Brain stem cells transplanted into the brain of mice successfully without anti-rejection drugs

A group of researchers at Johns Hopkins Medicine states, in a work published in the journal Brain, that they succeeded in successfully transplanting brain stem cells into the brain of a mouse and without the use of anti-rejection drugs.

Just the lack of use of these drugs, if the same method can also be applied on humans, could advance the research field of brain stem cells, in particular for those therapies that are implemented on children who are born with a rare class of genetic diseases.

In these diseases, myelin, which is the protective coating of neurons, does not get to form normally. This is a rare condition that affects about one in 100,000 children in the United States. One of them is Pelizaeus-Merzbacher disease.

To achieve this, Piotr Walczak, a professor of radiology and radiological sciences, injected, together with his team, into the brain of mice glial cells to independently produce the myelin sheath around neurons.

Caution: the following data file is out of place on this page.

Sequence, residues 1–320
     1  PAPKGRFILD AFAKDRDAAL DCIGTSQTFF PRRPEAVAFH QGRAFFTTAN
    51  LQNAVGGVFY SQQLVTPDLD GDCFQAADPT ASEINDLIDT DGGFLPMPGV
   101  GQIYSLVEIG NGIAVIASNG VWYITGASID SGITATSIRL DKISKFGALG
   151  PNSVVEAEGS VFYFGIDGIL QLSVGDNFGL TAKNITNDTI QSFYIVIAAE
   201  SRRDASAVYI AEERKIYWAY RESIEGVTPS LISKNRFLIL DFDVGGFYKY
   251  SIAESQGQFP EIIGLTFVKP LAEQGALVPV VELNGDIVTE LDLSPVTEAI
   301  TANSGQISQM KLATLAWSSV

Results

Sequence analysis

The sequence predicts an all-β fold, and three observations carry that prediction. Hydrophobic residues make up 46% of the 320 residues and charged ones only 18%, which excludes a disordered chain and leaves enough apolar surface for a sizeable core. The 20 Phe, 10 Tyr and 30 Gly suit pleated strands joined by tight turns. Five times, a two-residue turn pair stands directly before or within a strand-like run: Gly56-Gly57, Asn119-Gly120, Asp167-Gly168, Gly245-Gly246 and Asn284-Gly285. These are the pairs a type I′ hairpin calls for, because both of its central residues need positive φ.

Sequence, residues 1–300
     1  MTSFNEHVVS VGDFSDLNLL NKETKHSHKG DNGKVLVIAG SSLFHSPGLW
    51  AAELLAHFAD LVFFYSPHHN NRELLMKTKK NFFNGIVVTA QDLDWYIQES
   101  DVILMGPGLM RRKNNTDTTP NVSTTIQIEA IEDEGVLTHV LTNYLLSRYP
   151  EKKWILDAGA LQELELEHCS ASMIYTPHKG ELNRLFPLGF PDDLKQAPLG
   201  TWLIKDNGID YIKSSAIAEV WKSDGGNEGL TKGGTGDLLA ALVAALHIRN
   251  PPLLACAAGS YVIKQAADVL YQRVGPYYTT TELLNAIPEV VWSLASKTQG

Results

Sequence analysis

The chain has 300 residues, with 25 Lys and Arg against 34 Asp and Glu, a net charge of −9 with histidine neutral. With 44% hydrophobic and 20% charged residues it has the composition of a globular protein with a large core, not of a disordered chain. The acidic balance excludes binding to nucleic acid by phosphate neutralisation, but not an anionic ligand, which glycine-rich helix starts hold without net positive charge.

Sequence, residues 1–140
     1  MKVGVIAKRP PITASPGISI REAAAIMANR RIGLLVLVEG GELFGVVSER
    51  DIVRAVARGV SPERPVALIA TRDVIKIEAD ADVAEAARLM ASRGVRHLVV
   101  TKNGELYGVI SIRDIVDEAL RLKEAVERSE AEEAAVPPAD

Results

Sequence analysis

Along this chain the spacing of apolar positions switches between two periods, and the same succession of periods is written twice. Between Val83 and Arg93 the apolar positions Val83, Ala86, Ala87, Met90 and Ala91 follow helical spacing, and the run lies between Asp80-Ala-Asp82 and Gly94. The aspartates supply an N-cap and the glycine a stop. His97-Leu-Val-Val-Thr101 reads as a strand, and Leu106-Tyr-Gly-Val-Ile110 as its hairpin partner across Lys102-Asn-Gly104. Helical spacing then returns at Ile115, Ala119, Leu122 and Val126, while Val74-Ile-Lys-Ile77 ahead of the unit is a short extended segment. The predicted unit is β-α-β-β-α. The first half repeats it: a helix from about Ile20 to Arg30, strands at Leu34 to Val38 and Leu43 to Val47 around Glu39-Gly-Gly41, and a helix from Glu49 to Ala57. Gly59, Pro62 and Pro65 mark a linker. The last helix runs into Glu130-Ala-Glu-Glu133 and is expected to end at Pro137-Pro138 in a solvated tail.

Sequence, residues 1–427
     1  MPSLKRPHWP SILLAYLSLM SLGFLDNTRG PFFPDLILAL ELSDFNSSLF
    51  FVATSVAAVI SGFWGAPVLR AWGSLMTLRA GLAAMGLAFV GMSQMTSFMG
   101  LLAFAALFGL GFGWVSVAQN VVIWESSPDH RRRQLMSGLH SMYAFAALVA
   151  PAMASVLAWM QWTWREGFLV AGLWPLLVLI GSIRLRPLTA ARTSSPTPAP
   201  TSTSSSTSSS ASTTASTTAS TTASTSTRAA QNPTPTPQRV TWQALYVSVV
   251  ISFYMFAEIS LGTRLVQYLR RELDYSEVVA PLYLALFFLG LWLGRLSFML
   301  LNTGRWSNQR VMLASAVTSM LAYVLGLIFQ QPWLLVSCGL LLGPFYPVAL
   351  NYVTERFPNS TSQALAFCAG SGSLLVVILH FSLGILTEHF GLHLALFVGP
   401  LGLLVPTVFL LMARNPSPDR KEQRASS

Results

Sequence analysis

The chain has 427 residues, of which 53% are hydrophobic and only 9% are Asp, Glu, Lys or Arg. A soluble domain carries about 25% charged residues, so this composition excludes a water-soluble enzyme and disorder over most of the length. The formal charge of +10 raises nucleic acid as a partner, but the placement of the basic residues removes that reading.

With a particular specialized camera to capture brain images of mice, the researchers found that one of the groups of rodents they treated showed that glial cells injected into the brain lasted for over 203 days, which showed that they had not been eliminated from the system immune of the mouse.

And not only were they not eliminated but they assumed their normal function of protecting neurons by populating the appropriate parts of the brain.

“We interpret this result as a success in selectively blocking immune system T cells from killing transplanted cells,” reports lead author Shen Li.

Natalie Ward

I am a graduate student at Wheaton College with a passion for writing and reporting on news that I feel is important. During my academic life, I have always strived to continue educating myself on a wide range of scientific areas and stay on top of the most interesting research. I joined wantingwave.com in July of 2019 as a volunteer contributor, and have since contributed many pieces that have been well received. I am an avid reader of Nature Communications and Scientific American.

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